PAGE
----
Life expectancy at a given age represents the average number of years of life remaining if a group of persons at that age were to experience the mortality rates for a particular year over the course of their remaining life. Life expectancy at birth is a summary measure of the age-specific all cause mortality rates in an area in a given period.
Life expectancies are calculated using (abridged) life tables presenting age specific mortality rates. Life expectancy tables are calculated based on death probabilities according to Farr's death rate method: qx = Mx / (Bx + (Mx/2)) where Mx = the number of deaths at the age of x to under x+1 years in the reported period; Bx = average population aged x to under x+1 in the base period; qx = death probability from age x to x+1. Farr's method of calculation of abridged life-tables assumes that there is a constant mortality within the age intervals and thus the years of life lived by a person dying in the interval is (on average) half of the length of the interval.
Relevant dimensions and subgroups
Region (according to ISARE recommendations)
Age group (at birth and at age 65)
Socio-economic status (see availability and remarks)
Preferred data type and data source
Preferred data type
register data (as input for the calculations)
Preferred data source
Data on life expectancy in the Eurostat database are available from 1960 onwards for most EU-27 Member States, as well as for the other countries participating in the Joint Action for ECHIM. For some countries data are presented only from the 1990’s onwards (Cyprus, France, Liechtenstein, Poland, Macedonia, the United Kingdom) and for Croatia and Latvia only from 2002 onwards. For Malta, life expectancy figures are missing from 1982 to 1994. Life expectancy data are available by age group (including at birth and at age 65) and by sex. Regional life expectancy data at age 65 and at birth were collected by the ISARE-III project. Data for life expectancy by socio-economic status are under preparation (see remarks and reference to Eurostat OMC web page on indicators of the health and long term care strand).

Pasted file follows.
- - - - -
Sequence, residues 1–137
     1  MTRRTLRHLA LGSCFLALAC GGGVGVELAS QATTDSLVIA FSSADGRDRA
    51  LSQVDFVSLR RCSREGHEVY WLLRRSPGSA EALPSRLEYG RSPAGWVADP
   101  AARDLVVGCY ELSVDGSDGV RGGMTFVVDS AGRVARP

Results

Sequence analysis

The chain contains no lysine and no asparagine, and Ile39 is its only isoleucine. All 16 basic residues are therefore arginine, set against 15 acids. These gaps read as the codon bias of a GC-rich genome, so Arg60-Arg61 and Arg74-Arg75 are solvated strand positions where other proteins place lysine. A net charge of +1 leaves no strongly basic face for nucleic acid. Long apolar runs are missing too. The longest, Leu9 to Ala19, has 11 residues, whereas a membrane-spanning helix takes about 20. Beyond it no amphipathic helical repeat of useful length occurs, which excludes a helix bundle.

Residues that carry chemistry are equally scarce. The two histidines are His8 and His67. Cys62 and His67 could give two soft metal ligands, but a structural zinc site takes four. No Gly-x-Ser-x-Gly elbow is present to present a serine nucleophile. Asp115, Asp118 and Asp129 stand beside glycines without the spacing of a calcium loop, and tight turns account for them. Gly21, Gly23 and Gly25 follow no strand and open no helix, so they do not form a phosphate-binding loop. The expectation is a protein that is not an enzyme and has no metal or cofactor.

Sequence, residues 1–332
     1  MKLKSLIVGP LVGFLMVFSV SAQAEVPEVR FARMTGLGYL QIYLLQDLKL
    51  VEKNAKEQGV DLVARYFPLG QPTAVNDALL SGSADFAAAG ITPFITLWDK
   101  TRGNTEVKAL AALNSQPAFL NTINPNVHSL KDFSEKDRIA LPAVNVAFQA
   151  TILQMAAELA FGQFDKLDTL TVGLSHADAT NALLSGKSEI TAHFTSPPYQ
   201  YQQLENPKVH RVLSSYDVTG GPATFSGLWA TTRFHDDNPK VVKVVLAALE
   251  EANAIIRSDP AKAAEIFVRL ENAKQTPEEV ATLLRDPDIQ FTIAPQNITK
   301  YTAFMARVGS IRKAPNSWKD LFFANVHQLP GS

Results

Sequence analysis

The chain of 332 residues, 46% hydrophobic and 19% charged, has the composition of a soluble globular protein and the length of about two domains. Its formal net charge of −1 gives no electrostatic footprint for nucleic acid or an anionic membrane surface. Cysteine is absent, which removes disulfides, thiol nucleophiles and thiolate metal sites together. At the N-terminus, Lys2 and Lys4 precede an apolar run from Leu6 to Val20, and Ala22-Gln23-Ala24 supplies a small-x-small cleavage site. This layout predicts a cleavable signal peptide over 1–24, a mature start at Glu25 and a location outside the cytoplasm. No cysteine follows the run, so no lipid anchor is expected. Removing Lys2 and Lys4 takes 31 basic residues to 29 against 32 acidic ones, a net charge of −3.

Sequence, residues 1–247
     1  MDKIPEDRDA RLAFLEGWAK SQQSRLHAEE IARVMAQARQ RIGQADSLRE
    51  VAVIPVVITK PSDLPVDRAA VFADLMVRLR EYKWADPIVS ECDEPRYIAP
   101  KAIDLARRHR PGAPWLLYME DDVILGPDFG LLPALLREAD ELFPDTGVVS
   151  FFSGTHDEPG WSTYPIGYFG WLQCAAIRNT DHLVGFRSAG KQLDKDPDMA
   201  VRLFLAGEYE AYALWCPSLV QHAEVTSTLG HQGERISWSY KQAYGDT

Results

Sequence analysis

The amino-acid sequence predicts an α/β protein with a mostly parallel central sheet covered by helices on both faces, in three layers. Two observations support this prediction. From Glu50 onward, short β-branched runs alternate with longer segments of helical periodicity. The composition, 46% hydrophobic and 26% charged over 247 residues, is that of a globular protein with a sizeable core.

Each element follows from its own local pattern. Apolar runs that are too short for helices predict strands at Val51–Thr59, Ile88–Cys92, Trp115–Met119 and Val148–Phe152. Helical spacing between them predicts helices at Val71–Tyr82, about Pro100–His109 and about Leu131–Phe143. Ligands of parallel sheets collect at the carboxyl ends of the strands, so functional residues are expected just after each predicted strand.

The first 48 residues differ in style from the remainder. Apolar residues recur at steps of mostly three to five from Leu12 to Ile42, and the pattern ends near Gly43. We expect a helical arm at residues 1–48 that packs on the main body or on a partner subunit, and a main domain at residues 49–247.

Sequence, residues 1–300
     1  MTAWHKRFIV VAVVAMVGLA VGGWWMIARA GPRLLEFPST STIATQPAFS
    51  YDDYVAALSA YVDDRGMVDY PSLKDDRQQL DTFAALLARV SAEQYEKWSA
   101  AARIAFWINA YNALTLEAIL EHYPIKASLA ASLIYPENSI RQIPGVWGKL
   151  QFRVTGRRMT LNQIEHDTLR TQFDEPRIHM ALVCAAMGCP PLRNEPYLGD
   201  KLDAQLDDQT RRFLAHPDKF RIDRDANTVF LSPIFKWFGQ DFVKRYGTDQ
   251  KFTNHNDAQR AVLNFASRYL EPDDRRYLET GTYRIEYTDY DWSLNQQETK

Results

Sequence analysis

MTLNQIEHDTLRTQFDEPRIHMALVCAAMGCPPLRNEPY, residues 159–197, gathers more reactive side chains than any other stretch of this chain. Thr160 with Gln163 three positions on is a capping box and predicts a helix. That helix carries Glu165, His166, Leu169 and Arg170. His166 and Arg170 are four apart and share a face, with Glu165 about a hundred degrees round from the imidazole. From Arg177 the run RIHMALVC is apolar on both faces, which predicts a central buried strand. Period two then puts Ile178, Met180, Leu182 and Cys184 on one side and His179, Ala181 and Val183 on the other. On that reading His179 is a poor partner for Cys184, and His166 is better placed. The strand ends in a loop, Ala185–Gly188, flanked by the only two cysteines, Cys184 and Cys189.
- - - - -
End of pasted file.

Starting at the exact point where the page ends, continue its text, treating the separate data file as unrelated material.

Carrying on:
Life expectancy data are updated annually.
Basic indicator for population health. It reflects the cumulative effect of the impact of risk factors, occurrence and severity of disease, and the effectiveness of interventions and treatment.
WHO and OECD use different methods for calculating life expectancy (e.g. Wiesler’s method). Different calculation methods produce slightly different results. This explains why indicators of life expectancy may differ between different databases.
The national statistical offices send raw national numbers to Eurostat, which subsequently are validated and recalculated by Eurostat before publication in the database. This explains why some indicators might differ from the ones published by the countries themselves.
Life expectancy at birth, at age 45 and at age 65, and life expectancy by socio-economic status by socio-economic status are indicators of the health and long-term care strand of the Open Method of Coordination on Social Inclusion and Social Protection. Data for life expectancy by socio-economic status are under preparation.